China – Women’s struggle then and now

There are important lessons from women’s struggle in Chinese history that should be studied again International Women’s Day was celebrated for the first time in China in 1924. By then, growing workers’ and women’s movements were already developing. The Hunan Women’s League was formed in 1921. By the end of that year they had pushed through provisions on women’s suffrage and personal freedom in Hunan’s constitution. The Association for Women’s Rights in Zhejiang province issued an appeal for women to join the revolution to overthrow the warlords and introduce democracy. In Shanghai, 20,000 workers in the silk spinning industry went on strike in 1923 demanding a 10-hour day and wage increases. Chen Pi-lan, who became a Trotskyist, was one of the leaders of the Communist Party Women’s League in Shanghai.

According to ‘Women in the Chinese Revolution’ by Kate Curtin, Pi-lan explained that “when the CCP formed peasant associations, women’s issues immediately came up. Some women went to the peasant unions and accused their husbands of oppressing them. Others accused their mothers-in-law of the same thing. In some parts of the countryside women’s associations were organised in order to sort out relationships within families. For the first time there were divorces initiated by women in the countryside”. When hundreds of thousands of workers fought battles against the police and army “the members of the Shanghai Women’s League stood to the fore waving their flags, and often they showed more courage than the men.” In the 1920s, the Communist Party gave its unqualified support to the women’s movement and stood at the head of the National Women’s Association, which in 1925-1927 had 300,000 members.

After the 1949 revolution in China, prostitution and infanticide was banned. A new marriage law gave women the right to property, inheritance rights and free choice regarding marriage, divorce and the care of children. The government stated that with the land reform 60 million women achieved equality with men in terms of land holdings in central and eastern China. But this movement was uneven. The Communist Party had long been led not by genuine Marxists but by an undemocratic Maoist bureaucracy, which wanted unquestioned control and saw a militant women’s movement as a threat. In 1952 they announced that women’s liberation had been achieved and dropped demands for independent struggle by women (Curtin) – a line that was then modified several times depending on what suited the regime’s interests. Maoism did not tolerate real workers’ democracy from below and for this women paid a high price. In Russia too the revolution had been betrayed and already by the early 1930s a large part of the reforms for women were withdrawn by Stalin’s bureaucratic dictatorship.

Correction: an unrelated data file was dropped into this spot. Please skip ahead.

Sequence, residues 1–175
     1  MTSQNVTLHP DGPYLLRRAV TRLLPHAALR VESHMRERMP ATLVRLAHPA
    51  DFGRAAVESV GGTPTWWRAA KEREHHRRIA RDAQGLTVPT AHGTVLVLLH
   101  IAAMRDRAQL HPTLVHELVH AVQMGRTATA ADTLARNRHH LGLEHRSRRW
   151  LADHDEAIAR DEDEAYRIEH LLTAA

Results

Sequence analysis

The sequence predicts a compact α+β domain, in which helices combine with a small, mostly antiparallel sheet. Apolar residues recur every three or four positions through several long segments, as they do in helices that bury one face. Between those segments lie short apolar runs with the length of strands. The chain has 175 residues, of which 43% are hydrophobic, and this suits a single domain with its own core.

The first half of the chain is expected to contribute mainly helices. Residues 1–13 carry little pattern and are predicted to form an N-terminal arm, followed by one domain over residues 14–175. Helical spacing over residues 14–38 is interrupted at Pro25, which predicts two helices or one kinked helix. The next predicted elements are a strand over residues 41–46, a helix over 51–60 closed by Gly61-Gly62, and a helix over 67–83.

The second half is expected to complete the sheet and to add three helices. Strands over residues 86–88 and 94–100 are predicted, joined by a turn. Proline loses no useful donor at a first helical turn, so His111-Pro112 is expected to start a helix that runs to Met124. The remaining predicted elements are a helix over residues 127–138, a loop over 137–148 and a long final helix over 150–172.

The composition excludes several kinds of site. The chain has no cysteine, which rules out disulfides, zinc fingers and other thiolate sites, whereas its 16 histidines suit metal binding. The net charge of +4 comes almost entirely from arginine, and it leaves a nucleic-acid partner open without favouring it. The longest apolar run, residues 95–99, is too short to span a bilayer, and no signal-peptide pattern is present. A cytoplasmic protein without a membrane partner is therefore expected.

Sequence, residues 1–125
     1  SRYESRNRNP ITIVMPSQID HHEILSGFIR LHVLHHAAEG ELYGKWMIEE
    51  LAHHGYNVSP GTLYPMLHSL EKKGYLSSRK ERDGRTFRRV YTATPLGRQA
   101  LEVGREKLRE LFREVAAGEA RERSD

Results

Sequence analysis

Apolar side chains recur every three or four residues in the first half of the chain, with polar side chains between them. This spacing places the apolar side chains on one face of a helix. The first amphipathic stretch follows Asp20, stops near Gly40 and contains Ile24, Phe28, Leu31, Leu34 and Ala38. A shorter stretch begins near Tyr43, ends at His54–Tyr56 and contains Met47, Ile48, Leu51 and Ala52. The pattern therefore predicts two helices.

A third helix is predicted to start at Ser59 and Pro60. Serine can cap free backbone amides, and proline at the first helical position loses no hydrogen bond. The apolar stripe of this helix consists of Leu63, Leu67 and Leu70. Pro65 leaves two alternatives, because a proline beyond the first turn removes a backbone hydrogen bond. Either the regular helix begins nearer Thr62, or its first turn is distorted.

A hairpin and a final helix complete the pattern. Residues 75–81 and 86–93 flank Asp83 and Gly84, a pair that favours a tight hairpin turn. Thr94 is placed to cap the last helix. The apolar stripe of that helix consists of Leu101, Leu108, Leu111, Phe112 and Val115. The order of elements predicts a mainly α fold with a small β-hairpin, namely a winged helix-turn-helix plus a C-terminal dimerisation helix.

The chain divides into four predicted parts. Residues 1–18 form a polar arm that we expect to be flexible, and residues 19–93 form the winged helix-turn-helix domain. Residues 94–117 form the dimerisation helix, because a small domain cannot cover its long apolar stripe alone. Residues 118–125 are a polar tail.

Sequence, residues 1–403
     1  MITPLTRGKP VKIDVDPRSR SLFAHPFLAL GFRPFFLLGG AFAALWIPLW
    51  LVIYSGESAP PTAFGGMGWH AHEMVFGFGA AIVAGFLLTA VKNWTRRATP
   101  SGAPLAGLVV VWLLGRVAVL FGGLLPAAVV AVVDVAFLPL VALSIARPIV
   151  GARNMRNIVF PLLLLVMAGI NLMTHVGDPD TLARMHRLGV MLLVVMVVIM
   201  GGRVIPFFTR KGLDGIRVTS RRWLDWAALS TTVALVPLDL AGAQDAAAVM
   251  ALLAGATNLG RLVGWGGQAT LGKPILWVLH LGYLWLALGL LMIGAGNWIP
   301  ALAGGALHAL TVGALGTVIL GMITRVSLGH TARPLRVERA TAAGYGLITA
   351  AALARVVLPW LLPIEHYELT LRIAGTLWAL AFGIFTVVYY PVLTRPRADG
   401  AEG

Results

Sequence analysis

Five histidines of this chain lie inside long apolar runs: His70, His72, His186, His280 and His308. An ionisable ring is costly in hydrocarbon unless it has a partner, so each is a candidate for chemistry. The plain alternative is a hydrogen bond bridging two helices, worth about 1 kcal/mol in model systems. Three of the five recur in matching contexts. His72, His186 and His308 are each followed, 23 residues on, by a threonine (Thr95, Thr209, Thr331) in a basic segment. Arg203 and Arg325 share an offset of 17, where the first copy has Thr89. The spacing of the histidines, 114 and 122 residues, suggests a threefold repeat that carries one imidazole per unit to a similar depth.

In China, the state exercises control over women’s bodies, even to the extent of forcing women to have abortions. While the law forbids this practice, it happens. Local authorities, in enforcing birth control policies carry out forced abortions even during the late stages of pregnancy. Under the Chinese government’s ‘one-child policy’, women are not allowed ‘unauthorised’ children.

According to the World Health Organisation, China is the only country in the world where more women than men commit suicide. Every year a staggering 1.5 million women try to take their own lives and 150,000 succeed. This is especially the case in the countryside where women face grinding poverty, the highest school drop-out rates, and the burden of caring for elderly relatives. The woman belonging to the man; this has been the pattern of women’s oppression for ages around the world.

Rapid industrialisation over many years, with China becoming the world’s factory, has obviously transformed living conditions for many women. Despite miserable conditions, migrating for work and being able to support themselves, and sometimes even becoming the family’s main breadwinner, has inevitably shaken up the older patriarchal structures. The most important change in becoming a wage labourer is leaving the isolation of the home and working under similar conditions to thousands of others. In this lies the possibility to organise and act collectively.

In November 2009, 3,000 women workers in Hainan province employed by the German lingerie giant Triumph went on strike. They demanded that the bosses’ withdrawal of a 700 yuan (US$ 102) bonus must be stopped. Wages in the factory were between 500 to 600 yuan per month. This multinational company closed two factories in the Philippines last summer in an attempt to crush the predominantly female trade union. The Chinese Triumph strikers got results, and the bonuses were paid out even though the women’s demand for wages to match the legal minimum was not met. In Shanghai, one year earlier, there was another example of the growing power of women workers, with a strike by 1,000 mostly young women at an electronics company also demanding their bonuses be paid. Although these strikes have so far been defensive in character, this is an important sign of nascent organisation.

On 18 October last year 2,000 women in Hong Kong celebrated the 10th anniversary of the IMWU, Indonesian Migrant Workers’ Union. Chinaworker.info was there. “We are workers, not slaves” was one of the slogans. The 250,000 migrant women in Hong Kong work mainly as domestic workers. One in four Indonesian migrants earn below the monthly minimum of 3,580 HK dollars ($462). Half are working 15 hours a day without a single day off per week. “We want the Hong Kong government to include us in its new minimum wage legislation. They want to exempt us, this is discrimination,” said one of them, a young woman called Muthi.

She and millions of women around the world need March 8 to be commemorated in the way its initiators intended one hundred years ago.

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